Despite an improvement in margins and solid revenue growth, I expect Macy's full year net earnings to remain almost the same as 2012's net earnings level due to non-recurring charges that will be added in the fourth quarter 2013 earnings report. The company's management maintains its full year guidance for net earnings to be in the range of $3.80 to $3.90 per diluted share (excluding non-recurring charges).
The charges are related to the implementation of the cost reduction strategies as well as store closings and impairment charges. The charges are estimated to be in the range of $120 million to $135 million, $50 million to $55 million of which is projected to be non-cash. So it is expected that Macy's will not meet the per share earnings guidance provided by its management.
The analysis above portrays Macy's stock as a perfect investment with no risks attached to it but that's not the case. During the first three quarters of FY13, the company's liquidity position weakened due to an increase in current liabilities compared to the liabilities at the end of FY12. The company's level of debt has also increased during this time period which escalated its debt-to-equity ratio.
By the end of FY12, Macy's current ratio was similar to its industry peers' averages whereas its debt-to-equity ratio was better than the industry average. However, the ratios have since deteriorated compared to the peers' averages. The table above shows that both ratios are depressed compared to the industry.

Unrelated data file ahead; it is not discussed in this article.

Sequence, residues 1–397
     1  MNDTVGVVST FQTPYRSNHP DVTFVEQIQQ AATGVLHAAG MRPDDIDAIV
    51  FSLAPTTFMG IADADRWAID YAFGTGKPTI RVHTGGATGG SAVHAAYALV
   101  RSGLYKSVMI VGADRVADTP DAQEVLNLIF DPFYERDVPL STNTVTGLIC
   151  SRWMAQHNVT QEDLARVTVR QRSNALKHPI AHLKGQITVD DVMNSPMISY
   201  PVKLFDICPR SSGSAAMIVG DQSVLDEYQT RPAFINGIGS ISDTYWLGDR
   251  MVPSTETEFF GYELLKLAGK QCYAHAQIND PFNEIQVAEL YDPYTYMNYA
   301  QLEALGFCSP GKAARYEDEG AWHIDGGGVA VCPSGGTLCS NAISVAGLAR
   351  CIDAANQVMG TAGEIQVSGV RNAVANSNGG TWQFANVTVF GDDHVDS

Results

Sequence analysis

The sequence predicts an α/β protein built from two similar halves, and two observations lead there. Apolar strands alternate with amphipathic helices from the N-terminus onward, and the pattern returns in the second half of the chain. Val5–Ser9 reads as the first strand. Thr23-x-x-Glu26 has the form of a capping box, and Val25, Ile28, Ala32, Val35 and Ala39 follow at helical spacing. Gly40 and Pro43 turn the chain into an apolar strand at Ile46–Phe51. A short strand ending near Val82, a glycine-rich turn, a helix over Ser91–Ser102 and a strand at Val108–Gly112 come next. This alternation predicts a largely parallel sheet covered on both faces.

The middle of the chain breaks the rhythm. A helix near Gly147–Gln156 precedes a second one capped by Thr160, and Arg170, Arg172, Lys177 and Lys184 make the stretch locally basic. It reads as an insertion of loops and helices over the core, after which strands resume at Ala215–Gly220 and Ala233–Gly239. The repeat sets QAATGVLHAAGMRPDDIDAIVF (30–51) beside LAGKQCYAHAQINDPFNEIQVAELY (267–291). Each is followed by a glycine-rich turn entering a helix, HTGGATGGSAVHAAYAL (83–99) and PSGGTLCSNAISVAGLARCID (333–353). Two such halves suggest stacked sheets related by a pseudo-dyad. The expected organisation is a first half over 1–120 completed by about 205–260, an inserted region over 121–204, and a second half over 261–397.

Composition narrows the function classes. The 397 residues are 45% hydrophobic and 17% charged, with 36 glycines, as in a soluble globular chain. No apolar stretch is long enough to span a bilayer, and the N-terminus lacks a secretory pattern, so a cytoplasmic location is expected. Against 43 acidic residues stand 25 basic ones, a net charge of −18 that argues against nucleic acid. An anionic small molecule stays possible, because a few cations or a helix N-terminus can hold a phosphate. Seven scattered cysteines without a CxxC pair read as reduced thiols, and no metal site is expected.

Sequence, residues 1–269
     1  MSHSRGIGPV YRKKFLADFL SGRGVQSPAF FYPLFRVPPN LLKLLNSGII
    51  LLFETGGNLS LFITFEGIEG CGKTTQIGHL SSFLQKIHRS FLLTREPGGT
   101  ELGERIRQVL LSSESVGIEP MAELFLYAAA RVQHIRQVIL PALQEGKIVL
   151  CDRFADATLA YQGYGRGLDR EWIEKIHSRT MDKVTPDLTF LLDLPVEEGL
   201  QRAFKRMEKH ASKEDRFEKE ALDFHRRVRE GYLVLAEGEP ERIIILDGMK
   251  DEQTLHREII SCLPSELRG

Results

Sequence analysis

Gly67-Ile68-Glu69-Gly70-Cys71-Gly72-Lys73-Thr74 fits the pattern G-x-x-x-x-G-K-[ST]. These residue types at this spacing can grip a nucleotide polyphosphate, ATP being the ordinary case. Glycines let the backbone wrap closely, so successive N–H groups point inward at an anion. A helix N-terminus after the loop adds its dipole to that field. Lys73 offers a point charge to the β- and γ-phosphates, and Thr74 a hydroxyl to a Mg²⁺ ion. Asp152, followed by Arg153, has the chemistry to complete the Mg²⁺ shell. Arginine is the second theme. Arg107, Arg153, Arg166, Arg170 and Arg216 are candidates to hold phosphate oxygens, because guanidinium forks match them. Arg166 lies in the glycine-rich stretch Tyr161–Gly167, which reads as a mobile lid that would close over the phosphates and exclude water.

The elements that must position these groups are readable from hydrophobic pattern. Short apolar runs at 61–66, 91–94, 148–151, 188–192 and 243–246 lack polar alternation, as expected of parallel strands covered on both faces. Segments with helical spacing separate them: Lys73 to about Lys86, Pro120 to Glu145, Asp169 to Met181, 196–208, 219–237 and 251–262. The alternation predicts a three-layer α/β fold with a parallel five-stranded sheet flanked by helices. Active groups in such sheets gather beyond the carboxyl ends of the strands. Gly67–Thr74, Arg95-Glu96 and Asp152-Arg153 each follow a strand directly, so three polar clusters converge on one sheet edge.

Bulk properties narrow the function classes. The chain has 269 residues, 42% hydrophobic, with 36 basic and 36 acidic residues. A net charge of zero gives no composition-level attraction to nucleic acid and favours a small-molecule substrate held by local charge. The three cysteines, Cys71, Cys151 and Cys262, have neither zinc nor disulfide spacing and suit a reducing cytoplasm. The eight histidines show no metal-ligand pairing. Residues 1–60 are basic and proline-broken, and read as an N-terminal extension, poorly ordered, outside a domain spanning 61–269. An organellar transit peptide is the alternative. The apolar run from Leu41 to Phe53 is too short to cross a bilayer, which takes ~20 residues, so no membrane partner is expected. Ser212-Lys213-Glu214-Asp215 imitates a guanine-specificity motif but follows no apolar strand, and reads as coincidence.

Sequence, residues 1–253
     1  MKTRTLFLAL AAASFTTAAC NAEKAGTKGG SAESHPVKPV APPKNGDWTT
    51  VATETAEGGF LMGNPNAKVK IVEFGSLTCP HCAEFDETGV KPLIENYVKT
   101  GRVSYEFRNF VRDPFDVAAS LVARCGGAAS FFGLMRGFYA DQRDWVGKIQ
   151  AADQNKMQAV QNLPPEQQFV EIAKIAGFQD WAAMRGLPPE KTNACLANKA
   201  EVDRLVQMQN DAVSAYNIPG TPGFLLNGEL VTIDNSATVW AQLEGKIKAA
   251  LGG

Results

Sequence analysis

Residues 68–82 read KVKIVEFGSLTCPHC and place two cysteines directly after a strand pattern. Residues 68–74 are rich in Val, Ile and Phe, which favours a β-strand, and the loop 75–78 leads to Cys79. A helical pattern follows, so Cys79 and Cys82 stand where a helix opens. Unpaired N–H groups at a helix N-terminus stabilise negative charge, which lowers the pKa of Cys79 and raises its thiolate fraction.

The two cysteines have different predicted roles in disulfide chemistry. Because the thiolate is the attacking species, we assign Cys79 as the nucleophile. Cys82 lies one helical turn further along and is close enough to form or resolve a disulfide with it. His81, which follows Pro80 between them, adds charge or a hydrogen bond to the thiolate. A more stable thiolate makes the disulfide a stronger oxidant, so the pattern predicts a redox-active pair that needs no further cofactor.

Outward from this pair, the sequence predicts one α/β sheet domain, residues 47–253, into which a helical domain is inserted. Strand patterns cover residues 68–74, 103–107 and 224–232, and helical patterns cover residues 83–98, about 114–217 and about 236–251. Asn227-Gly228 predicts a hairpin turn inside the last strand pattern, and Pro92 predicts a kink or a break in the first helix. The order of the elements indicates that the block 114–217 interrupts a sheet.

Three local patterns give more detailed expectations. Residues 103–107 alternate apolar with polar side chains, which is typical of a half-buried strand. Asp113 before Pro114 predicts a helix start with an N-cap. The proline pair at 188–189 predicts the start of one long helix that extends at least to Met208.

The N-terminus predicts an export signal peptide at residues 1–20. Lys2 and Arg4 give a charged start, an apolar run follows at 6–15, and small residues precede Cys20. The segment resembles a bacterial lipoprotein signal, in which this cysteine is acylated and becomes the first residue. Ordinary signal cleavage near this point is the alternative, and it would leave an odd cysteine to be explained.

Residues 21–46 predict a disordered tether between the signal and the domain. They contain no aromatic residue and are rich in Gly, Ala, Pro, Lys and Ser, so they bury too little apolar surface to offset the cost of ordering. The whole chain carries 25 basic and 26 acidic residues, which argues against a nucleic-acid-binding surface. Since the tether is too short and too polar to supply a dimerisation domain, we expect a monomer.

Macy's has the highest quarter-over-quarter per share earnings growth (30.6%) in the industry. All of its peers, except Dillard's (DDS), have negative quarter-over-quarter per share earnings growth, which turns the overall industry's price-to-earnings ratio negative. So Macy's stock is clearly better than the industry based on this indicator.
The company's price-to-cash flow is clearly inexpensive compared to its competitors as well. The stock is overpriced based on two ratios: price-to-sales and price-to-book ratios but as these ratios are not as refined measures as the other two ratios I gave lower weighting to these two indicators. Therefore the valuation reflects that Macy's stock has an upside potential.
The study clearly shows that the Macy's is in good financial health. The company's top line is growing strongly and is expected to continue growing at an even higher rate in 2014.The cost cutting strategies will improve future margins and supporting the revenue growth and eventually enhancing the company's profitability. The increase in the company's future sales and decrease in its costs and expenses would also increase the cash inflows and decrease the cash outflows. This would then improve the company's liquidity position which had deteriorated during the first three quarters of 2013.
The company's valuation also suggests that its stock has an upside potential compared to its competitors who are bearing the pain of negative per share earnings and lower growth in the operating cash flows. Therefore I would recommend buying the stock.